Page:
During the subprime mortgage crisis of 2008, thousands of people lost their homes when they couldn’t keep up with their loans. These were mostly people who shouldn’t have qualified for loans in the first place – the problem was not that the borrowers did anything wrong, but rather that the lenders did. And now, because of the COVID-19 pandemic and resulting recession, we could be facing another foreclosure crisis without proper intervention. On the other hand, the right support coupled with savvy steps by homeowners could keep homeowners above water.
If you’ve reached the point at which you’re worried that loss of income or other challenges could force you into foreclosure, there are a number of things you can do to protect yourself, your finances, and your home. These 3 strategies each offer a way around foreclosure, not just for a few months but in the long-term.
Sell For Cash
One of the best ways to avoid going into foreclosure when struggling with your mortgage is to sell your house for cash. This often means accepting a lower price than you would if you sold through a broker, but it still offers a number of advantages. In particular, there are many cash buyers who will purchase your home, even if you’re actively behind on your mortgage or the property isn’t currently habitable.
If you are behind on your mortgage payments when you head to sale, you do need to be aware that this is what’s called a short sale. In a short sale, you don’t have all the money necessary to pay back your lender, so you’ll still be behind, but substantially less so. Though not ideal, this could be the boost you need to avoid more serious financial consequences.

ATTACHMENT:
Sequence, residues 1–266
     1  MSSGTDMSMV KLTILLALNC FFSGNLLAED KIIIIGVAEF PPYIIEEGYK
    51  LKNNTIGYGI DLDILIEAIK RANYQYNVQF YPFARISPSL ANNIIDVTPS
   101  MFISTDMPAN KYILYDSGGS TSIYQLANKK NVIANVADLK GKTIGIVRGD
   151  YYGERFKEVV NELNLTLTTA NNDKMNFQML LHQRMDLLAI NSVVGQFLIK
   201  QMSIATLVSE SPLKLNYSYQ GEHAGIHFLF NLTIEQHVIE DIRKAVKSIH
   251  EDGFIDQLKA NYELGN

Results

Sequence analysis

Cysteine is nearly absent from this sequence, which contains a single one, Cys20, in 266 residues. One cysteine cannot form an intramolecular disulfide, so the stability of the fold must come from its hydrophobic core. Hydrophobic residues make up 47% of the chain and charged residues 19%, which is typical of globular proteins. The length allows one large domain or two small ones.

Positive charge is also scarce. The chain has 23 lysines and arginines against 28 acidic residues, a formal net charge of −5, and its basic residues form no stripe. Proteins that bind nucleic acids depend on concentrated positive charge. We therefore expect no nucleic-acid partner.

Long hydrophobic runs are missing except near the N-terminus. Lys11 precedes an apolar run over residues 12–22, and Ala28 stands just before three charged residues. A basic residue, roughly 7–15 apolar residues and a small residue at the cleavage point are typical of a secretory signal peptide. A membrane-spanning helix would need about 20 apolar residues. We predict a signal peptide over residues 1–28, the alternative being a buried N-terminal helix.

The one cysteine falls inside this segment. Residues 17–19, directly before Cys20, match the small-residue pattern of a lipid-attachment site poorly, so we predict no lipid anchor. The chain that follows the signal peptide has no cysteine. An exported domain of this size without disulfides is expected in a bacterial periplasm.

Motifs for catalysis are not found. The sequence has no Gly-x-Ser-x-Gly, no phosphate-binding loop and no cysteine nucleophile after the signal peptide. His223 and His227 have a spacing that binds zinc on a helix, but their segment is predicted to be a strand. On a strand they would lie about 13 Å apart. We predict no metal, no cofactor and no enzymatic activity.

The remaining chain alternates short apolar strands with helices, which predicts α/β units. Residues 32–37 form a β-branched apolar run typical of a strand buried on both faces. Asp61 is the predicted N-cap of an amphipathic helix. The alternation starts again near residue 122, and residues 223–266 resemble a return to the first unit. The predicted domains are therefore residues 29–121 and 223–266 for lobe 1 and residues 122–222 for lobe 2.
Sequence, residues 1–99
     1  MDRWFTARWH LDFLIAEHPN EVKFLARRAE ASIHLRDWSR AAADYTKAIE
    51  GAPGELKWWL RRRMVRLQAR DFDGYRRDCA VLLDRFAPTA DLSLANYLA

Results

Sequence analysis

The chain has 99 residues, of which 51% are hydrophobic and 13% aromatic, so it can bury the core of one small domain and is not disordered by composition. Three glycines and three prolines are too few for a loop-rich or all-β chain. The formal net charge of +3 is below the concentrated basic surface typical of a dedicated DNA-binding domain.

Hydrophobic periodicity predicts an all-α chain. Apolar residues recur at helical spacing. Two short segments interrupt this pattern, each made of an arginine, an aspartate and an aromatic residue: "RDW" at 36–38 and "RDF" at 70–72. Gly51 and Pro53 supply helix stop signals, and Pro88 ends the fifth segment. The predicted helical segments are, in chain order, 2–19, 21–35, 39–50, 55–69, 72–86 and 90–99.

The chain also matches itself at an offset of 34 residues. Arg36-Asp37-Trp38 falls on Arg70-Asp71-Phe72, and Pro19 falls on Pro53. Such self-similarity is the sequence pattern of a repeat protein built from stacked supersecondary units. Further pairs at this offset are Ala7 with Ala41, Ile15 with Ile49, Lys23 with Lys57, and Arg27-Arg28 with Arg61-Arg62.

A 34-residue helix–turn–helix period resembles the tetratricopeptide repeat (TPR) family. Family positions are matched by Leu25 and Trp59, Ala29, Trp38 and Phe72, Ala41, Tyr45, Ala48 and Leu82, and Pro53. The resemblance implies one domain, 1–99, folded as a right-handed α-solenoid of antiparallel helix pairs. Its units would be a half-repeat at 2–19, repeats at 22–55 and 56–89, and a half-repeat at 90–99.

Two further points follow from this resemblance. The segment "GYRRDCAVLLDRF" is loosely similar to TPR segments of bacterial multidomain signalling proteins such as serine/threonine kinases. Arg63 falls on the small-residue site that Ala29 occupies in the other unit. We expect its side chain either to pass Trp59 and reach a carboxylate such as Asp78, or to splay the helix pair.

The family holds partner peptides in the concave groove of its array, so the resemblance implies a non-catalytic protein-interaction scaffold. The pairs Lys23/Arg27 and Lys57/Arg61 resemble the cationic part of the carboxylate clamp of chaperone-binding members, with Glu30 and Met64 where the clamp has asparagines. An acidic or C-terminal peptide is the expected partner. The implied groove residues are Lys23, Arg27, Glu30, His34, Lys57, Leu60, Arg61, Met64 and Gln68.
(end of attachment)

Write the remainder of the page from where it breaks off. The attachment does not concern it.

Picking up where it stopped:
Seek Out Forbearance
If you’re a few payments behind on your mortgage payments, but you feel confident that you could catch up with a little time, another possibility you might be able to take advantage of is mortgage forbearance. In forbearance, your lender essentially offers you a break in your payment schedule. This will give you time to catch up on your payments without more fees piling up, and allow you to keep you house.
Unlike forbearance, which puts your payments on pause, reinstatement can be a little trickier to navigate – at least from a financial perspective. That’s because, if your lender grants you reinstatement, then you’re given until a certain date to pay whatever is due, including any late fees and penalties. That means you’ll need to successfully save up the full amount owed within a few months and keep up with your other payments. Reinstatement can be a good option if you hit a temporary bump in the road and are already on the road back to a more stable financial situation, but otherwise may be too challenging.
When you’re at risk of foreclosure, it can be hard to repair the situation without help, but you don’t have to accept losing your home as the only possible outcome. Consult your lender and talk to a financial adviser to get a better sense of your options – and be ready to accept a suboptimal outcome. You may not be able to save your home, or even recoup all of your funds, but you can protect your credit and stave off the worst-case scenario.